What is alopecia areata?
Alopecia areata may be a condition that causes hair to fall call at small patches, which may be unnoticeable. These patches may connect, however, then become noticeable. The condition develops when the system attacks the hair follicles, leading to hair loss.
Sudden hair loss may occur on the scalp, and in some cases the eyebrows, eyelashes, and face, also as other parts of the body. It also can develop slowly and recur after years between instances.
The condition may result in total hair loss, called alopecia universalis, and it can prevent hair from growing back. When hair does grow back, it’s possible for the hair to fall out again. The extent of hair loss and regrowth varies from person to person.
There’s currently no cure for alopecia areata. However, there are treatments which will help hair grow back more quickly which can prevent future hair loss, also as unique ways to hide up the hair loss. Resources also are available to assist people deal with stress associated with hair loss.
Causes of alopecia areata
Alopecia areata is an autoimmune condition. An autoimmune condition develops when the system mistakes healthy cells for foreign substances. Normally, the system defends your body against foreign invaders, like viruses and bacteria.
If you've got alopecia , however, your system mistakenly attacks your hair follicles. Hair follicles are the structures from which hairs grow. The follicles become smaller and stop producing hair, resulting in hair loss.
Researchers don’t know the exact cause of this condition.
However, it most often occurs in people who have a family history of other autoimmune conditions, such as type 1 diabetes or rheumatoid arthritis. This is why some scientists suspect that genetics may contribute to the development of alopecia areata.
They also believe that certain factors in the environment are needed to trigger alopecia areata in people who are genetically predisposed to it.
Symptoms of alopecia areata
The main symptom of alopecia is hair loss. Hair usually falls call at small patches on the scalp. These patches are often several centimeters or less.
Hair loss may additionally occur on other parts of the face, just like the eyebrows, eyelashes, and beard, also as other parts of the body. Some people lose hair in a few places. Others lose it in a lot of spots.
You may first notice clumps of hair on your pillow or within the shower. If the spots are on the back of your head, someone may bring it to your attention. However, other health conditions can also cause hair to fall out in a similar pattern. Hair loss alone isn’t wont to diagnose alopecia .
In rare cases, some people may experience more extensive hair loss. This is usually a sign of another sort of alopecia, such as:
Ø Alopecia totalis, which is the loss of all hair on the scalp
Ø Alopecia universalis, which is the loss of all hair on the entire body
Doctors might avoid using the terms “totalis” and “universalis” because some people may experience something between the 2 . It’s possible to lose all hair on the arms, legs and scalp, but not on the chest, for example.
The hair loss associated with alopecia areata is unpredictable and, as far as doctors and researchers can tell, appears to be spontaneousTrusted Source. The hair may grow back at any time then may fall out again. The extent of hair loss and regrowth varies greatly from person to person.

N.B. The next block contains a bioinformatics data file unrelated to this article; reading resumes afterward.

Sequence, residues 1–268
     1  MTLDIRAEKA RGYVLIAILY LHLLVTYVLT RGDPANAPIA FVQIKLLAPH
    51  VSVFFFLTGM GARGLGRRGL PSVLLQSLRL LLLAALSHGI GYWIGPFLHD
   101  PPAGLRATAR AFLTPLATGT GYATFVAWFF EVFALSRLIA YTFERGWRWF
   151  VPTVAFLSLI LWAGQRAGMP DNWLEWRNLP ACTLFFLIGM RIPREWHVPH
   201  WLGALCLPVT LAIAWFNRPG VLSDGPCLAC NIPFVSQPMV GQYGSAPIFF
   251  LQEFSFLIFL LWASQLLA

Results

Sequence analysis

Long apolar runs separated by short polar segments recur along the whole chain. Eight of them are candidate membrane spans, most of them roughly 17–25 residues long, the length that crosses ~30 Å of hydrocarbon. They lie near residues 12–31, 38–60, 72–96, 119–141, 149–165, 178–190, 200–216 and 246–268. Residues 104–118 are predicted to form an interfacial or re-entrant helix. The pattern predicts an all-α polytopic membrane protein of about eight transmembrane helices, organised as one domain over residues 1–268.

Alopecia areata in males
Alopecia areata occurs in both men and women, but the loss of hair is likely to be more significant in men. Men are also more likely to have a family history of the hair loss condition.
Men may experience hair loss in their facial hair, as well as their scalp, chest, and back hair. Compared to male-pattern baldness, which is a gradual thinning of hair all over, hair loss from this condition causes patchy hair loss.
Alopecia areata in females
Females are more likely to develop alopecia areata than males, but it’s not clear why. The hair loss can occur on the scalp, as well as the eyebrows and lashes.
Unlike female-pattern hair loss, which is a gradual thinning of hair that covers a large area, alopecia areata may be confined to a small area. The hair loss may occur all directly , too. The area can gradually expand, which ends up in greater hair loss.
Alopecia areata in children
Children can develop alopecia areata. In fact, most people with the condition will experience their first hair loss before the age of 30.
While there is some hereditary component to alopecia areata, parents with the condition don’t always pass it on to a child. Likewise, children with this type of hair loss may not have a parent who has it.
In addition to the hair loss, children may experience nail defects, such as pitting or lesions. Adults may experience this additional symptom, too, but it’s more common in children.
According to the National Alopecia Areata Foundation, children younger than age 5 typically don’t experience much of an emotional impact from alopecia. After age 5, however, hair loss can be traumatizing for young children as they start noticing how they’re different from others.
If your child appears stressed or depressed, ask a pediatrician to recommend a counselor experienced with children.
Alopecia areata can’t be prevented because its cause is unknown.
This autoimmune disorder may be the result of several factors. Those include a family history, other autoimmune condition, and even other skin conditions. But not everyone with any of these factors will develop the hair condition. That’s why preventing it isn’t yet possible.
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